Manhattan man pleads guilty to 'Producers' scheme

Story highlights

  • Man agrees to pay $190,000 back to investors
  • Scheme strongly resembles the Broadway play "The Producers"

New York (CNN)A Manhattan resident on Wednesday pleaded guilty to conning several investors into giving him money intended to fund the production of a fake Broadway play, according to Manhattan district attorney spokesman Justin Henry.

Roland Scahill pleaded guilty to three counts of grand larceny in the third degree and one count of scheme to defraud in the first degree, according to court documents. The former talent agent owes $189,885 to the various investors he was accused of taking money from.
"Through his elaborate overtures to investors, Roland Scahill scammed patrons of the arts to the tune of more than $200,000. We are pleased to have brought his larcenous scheme to a grand finale," Manhattan District Attorney Cyrus B. Vance said in a statement.
    Scahill's scheme bears a striking resemblance to Mel Brooks' Broadway musical, "The Producers" in which a producer and his accountant try to bilk victims by getting them to invest in a musical that is intended to fail.
    But Scahill didn't have plans for his musical to fail, because he didn't have plans to make the show happen at all, authorities claimed.
    He allegedly told investors he was creating a Broadway play about the life of Kathleen Battle, a famous opera singer, called "The KB Project."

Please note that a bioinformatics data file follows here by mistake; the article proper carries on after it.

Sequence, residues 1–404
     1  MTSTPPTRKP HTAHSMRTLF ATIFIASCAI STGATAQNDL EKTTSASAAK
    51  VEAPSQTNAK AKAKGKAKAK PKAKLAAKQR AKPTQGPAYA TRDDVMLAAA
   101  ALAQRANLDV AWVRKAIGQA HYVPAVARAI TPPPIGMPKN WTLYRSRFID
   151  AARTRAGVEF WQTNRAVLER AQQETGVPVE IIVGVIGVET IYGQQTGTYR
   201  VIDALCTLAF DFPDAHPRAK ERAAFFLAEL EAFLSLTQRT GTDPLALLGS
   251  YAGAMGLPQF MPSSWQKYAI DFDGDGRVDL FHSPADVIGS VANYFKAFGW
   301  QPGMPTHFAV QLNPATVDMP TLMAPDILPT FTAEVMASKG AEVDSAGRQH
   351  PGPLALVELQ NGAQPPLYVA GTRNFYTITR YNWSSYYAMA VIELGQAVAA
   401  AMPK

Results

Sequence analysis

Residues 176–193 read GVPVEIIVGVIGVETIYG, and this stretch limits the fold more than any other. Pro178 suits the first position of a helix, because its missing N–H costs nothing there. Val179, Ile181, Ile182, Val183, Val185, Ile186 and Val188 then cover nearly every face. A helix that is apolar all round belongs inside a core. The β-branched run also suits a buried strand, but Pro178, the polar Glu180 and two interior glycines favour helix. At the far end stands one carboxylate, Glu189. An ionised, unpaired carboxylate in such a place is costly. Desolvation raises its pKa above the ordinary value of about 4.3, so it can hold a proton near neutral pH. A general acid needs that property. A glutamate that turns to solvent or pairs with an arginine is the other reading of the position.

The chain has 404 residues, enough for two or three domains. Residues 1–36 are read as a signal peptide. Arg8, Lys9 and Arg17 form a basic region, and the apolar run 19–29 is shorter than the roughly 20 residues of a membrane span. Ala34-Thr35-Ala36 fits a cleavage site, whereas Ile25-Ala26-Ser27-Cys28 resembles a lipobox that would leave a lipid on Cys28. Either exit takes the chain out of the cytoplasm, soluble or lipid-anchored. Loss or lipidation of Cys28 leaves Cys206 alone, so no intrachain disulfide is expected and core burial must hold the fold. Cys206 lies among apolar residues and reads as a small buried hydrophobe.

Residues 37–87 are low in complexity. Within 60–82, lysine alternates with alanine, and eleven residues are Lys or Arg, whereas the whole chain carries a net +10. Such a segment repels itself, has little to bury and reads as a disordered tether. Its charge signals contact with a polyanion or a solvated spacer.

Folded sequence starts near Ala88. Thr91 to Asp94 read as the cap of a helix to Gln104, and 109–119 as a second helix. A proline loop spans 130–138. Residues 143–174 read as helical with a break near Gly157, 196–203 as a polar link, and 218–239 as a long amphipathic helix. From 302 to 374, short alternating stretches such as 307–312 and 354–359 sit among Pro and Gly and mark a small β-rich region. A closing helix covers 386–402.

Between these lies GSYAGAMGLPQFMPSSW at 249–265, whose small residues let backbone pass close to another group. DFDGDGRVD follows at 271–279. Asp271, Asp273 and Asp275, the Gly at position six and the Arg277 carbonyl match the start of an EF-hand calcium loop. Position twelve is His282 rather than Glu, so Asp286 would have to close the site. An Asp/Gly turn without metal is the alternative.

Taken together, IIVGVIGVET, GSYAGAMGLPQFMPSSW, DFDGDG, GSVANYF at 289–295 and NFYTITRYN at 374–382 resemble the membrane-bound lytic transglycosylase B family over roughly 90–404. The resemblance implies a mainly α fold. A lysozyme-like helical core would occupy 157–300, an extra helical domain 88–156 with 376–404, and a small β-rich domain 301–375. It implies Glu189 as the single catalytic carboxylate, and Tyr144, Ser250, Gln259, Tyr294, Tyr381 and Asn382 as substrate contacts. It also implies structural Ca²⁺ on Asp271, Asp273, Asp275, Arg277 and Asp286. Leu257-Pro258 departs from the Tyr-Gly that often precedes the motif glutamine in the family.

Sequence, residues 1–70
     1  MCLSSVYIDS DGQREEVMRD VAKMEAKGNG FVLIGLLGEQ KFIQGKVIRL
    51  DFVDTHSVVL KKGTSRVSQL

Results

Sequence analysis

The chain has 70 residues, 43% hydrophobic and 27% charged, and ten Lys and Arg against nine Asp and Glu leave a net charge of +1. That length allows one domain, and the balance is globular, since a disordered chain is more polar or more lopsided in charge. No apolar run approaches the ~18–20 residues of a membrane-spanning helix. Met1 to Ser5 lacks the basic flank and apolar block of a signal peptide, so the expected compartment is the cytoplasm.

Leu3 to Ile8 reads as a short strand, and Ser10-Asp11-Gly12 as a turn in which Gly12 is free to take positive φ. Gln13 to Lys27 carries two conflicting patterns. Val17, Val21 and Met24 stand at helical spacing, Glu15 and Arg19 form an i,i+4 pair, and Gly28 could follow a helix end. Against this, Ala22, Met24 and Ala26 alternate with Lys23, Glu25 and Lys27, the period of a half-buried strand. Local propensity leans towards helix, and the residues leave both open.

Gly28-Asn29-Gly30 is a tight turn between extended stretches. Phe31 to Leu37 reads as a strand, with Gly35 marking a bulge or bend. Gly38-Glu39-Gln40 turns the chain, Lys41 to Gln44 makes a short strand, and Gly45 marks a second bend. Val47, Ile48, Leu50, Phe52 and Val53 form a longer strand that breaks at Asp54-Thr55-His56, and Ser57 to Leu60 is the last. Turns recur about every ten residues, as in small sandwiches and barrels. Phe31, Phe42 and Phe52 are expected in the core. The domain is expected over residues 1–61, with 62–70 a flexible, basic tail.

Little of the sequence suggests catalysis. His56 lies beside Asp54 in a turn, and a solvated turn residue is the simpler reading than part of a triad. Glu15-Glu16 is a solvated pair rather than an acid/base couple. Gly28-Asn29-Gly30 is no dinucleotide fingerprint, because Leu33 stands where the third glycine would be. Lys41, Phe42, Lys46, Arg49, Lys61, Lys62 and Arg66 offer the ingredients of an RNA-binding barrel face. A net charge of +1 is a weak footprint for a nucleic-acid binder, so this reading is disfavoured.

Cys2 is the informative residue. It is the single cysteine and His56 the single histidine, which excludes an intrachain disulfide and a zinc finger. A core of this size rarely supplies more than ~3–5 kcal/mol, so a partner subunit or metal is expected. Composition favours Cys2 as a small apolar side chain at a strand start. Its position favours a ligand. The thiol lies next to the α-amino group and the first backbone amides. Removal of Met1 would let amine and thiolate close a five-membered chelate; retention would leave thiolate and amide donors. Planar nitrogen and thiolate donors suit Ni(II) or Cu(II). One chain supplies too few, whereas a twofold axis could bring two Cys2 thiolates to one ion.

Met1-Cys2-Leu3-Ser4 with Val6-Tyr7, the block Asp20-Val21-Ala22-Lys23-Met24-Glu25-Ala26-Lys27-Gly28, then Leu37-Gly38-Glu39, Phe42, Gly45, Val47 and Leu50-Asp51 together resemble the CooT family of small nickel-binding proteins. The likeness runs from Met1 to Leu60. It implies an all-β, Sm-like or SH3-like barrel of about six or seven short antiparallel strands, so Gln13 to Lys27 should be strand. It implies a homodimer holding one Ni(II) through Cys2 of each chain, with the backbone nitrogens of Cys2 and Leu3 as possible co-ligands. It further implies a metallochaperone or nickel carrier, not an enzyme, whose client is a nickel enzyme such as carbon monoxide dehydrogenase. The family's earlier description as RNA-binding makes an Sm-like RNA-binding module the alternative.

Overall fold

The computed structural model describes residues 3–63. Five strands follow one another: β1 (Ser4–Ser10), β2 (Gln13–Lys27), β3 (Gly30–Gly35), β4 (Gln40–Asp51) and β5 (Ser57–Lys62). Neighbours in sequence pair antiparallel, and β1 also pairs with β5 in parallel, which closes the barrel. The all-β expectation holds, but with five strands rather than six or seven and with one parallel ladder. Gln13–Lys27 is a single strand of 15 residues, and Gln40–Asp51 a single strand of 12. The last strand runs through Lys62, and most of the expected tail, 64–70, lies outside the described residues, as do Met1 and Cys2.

Scahill allegedly created an elaborate storyline for his investors, telling them he had secured the life rights to Battle's story, Lupita Nyongo'o had agreed to play the leading role and the show would play at the famed Booth Theater.
    In his plea statement, Schahill wrote, "All of these representations were false."
    Over a nine-month long period, Scahill convinced 10 sets of investors to donate money to his project, according to court documents. All of those investments were deposited into two bank accounts. Scahill was the sole signatory on both of those accounts, according to his plea statement.
    In the plea, Scahill writes that he used the investors' money for "personal expenditures" and "to purchase and trade securities."
    Scahill paid $100,000 of his debts when he pleaded guilty. He must pay the remaining $89,885 within the next six months. If he does so, he will receive a six-month prison sentence followed by five years' probation with ongoing mental health treatment, according to a spokesman for the prosecutor. If he fails to pay, he could face additional jail time, according to court documents.
    CNN has reached out to Scahill's attorney for comment.